BARR: Right, whether it was a theatrical concept or limitations of just the sound concept.

WILLIAMSON: Or just life experiences.

BARR: Yeah definitely, which is what I meant with theatrical but he’s more correct. Like we’re going to play an eviction notice and portray that. Then it became, how do we want to record it? That whole period kind of happened this summer, really patiently, no rush, letting it happen.

EISINGER: Is it hard to be that patient with this kind of music?

WILLIAMSON: It’s challenging, I wouldn’t put it as hard, but it’s challenging.

BARR: Yeah, it’s challenging, [but] it’s not hard because it’s so rewarding.

WILLIAMSON: Yeah and it’s beautiful and it’s fun and we love this shit.

EISINGER: What about the eviction notice? There has to be a story behind that.

BARR: I had an idea of wanting to have me and Roy, my mentor, playing our saxophones and wanting to experiment with this droning hypnotic state. So I asked Roy to play the roll of the tenant with the alto, screaming and crying, and I was the landlord on the tenor, barking. But the funny thing was Mike was like, “Guys, please just start at five, my landlord is downstairs and I don’t want him to bug out.”

WILLIAMSON: It’s also personal! We all get caught up in just imagining your own shit and just thinking and ushering that imagination.

BARR: We also had my uncle’s house. He lived in the Village since like ’78, in this apartment and that’s where the name Onyx Collective came from, was the building that was called Onyx Court. That house was kind of like our youth hostel. And we kept drums there. When you’re really young, having something like that is impossible. You can’t run into it, you can’t build it, you can’t make it, you can’t even conceive it.

WILLIAMSON: Because you can’t even think about it because money comes into it or opportunity.

BARR: We had crazy jam sessions there in the beginning, like massive hits. I have videos of us in the living room. There are legendary photos that are like damn. Wiki would leave and then Princess Nokia would come through and rehearse, like four-hour, five-hour rehearsals all the time.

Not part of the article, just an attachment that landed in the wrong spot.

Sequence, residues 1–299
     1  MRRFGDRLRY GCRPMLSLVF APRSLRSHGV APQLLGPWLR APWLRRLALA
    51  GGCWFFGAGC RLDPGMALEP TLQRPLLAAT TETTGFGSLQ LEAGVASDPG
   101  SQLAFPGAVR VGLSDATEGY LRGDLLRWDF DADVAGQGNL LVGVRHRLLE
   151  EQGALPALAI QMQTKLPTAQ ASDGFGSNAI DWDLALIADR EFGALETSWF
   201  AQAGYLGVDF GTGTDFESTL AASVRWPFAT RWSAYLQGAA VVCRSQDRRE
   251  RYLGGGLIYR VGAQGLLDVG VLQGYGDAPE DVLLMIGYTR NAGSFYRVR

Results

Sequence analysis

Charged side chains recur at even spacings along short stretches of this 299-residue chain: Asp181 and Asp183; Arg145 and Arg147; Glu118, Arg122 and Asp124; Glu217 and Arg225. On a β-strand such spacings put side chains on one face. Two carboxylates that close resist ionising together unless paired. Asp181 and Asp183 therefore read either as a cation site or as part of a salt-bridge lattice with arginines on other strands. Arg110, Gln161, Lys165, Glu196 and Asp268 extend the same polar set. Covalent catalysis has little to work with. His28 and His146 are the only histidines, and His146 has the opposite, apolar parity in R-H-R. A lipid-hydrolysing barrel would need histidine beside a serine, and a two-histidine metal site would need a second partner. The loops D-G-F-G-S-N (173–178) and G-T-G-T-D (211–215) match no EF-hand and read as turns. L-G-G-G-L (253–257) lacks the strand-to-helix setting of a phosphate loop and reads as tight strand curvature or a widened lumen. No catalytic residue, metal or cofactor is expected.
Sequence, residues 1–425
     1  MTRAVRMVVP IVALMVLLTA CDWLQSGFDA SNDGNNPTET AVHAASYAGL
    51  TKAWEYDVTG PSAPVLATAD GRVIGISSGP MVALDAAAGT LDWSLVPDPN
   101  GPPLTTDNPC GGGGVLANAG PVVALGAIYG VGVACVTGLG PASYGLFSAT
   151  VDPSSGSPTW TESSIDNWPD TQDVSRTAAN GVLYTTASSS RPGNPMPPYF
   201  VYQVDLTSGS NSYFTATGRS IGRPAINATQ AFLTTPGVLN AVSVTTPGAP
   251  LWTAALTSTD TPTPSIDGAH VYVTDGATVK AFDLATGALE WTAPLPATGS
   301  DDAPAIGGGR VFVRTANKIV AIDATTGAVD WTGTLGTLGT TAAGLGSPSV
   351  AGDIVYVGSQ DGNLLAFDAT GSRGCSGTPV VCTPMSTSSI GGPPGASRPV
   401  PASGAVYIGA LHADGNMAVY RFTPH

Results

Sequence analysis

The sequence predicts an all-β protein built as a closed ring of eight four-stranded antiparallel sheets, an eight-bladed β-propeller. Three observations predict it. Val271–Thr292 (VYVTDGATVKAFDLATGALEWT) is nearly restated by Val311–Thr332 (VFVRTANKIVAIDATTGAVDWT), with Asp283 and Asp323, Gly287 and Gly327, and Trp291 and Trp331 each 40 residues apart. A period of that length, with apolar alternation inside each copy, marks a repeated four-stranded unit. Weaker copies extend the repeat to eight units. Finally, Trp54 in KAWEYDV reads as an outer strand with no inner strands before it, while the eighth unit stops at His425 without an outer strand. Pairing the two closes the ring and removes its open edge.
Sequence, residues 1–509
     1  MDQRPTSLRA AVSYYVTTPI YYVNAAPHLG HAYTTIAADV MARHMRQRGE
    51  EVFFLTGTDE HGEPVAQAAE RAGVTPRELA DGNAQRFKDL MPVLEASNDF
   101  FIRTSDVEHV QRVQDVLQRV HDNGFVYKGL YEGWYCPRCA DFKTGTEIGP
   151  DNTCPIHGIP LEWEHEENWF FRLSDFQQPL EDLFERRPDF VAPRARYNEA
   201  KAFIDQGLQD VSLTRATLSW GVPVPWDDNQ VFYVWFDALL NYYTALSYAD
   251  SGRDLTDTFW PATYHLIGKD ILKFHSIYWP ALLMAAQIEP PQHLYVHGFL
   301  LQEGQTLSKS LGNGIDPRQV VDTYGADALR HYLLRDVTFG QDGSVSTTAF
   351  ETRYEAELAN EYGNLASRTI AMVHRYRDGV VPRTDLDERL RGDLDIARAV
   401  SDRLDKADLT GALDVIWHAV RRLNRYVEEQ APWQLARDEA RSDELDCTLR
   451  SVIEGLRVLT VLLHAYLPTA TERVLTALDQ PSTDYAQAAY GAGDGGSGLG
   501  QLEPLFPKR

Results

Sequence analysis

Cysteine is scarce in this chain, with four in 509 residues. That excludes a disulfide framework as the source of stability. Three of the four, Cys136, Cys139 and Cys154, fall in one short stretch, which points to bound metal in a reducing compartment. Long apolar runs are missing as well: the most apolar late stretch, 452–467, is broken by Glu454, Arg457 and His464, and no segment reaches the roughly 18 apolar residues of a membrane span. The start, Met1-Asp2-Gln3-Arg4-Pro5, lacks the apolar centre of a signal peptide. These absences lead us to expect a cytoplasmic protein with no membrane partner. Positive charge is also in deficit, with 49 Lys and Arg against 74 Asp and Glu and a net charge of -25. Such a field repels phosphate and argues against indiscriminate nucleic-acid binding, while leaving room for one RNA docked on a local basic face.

EISINGER: Was your uncle like a head or was he just super supportive?

BARR: My uncle was beyond supportive but he’s a big activist. He has AIDS and works as an AIDS worker. He’s never really had another job. His life was defined by the fact that he got AIDS. He was in ACT UP and TAG and all that. So my uncle is super, super East Village. He would come through, smoke joints and just be like, “Yo, whats good? What are you listening to?” My uncle is the OG for the band to be honest because he really let us rock. We would be smoking the crib out and people would be complaining about that and the noise and he would just be like, “What the fuck are they complaining about?” When we left the house it was so emotional. We had our last session with him and of course there was a joint and wine and just saying goodbye to the crib.

EISINGER: Where do you guys see jazz music fitting into the entire scene?

WILLIAMSON: Do what you want to do and vibe how you want to vibe. We’re trying to bring the spirit of being yourself and being okay with that. Everybody’s a clique now; everybody’s a unit, a band, and that’s not bad, but everybody’s the same in it. Totally the same! Nobody has the guts. Obviously everybody is different, we all have different fingerprints and shit, but it’s just the mindset.

EISINGER: That spiritual aspect you mentioned, that is what’s most important and that’s what is most common in the music we talk about.

BARR: Spot on! And Blondie, and all the cats, I just got put onto The Nuns and I was listening to their album from 1980 and the spirit is so there. You can feel it. DNA, all of them. I think the thing that one should remember is that things change, things are seasonal. Why can a painter make a sculpture, and nobody’s like, “Oh my god! The painter made a sculpture!” Or if he’s a woodworker and he decides to make something out of metal, it’s just like, “Oh cool, he did that.” A painter can even make a movie and it’s like, kudos! But if a musician nowadays…

WILLIAMSON: We’re all figuring this shit out too, you know?

BARR: I think we’ve been really lucky and really grateful and blessed for just being able to connect with people. New York has that spirit where it’s like, you play funk, you play punk, I play rock, you play jazz? Okay let’s get a band together! So your question, we’d really need a sleeping bag because we’d be here forever trying to dissect it because we don’t just play jazz. You do one thing, that one thing is a little bit not-so-common, then you get kind of put under a microscope for that and you have to define it.

EISINGER: I think the genesis of my question is that to exist in the world, people want you to be in a box.

WILLIAMSON: They want you to fit in a box or if they don’t know what it is or haven’t seen it, they’re going to put it under a microscope and box it into one thing because they don’t understand it.

BARR: The annoying thing is that everybody wants everyone to be front street now. Mystery in life is a beautiful thing, and not explaining things is a beautiful thing and just trying things, or even not trying, doing it! It feels so forced and so angry to be like, “We’re going to prove this with our music!” Because we just made the music for fun and because we had homies who are amazing singers and we wanted to and had to make music with them and it took a different life of its own.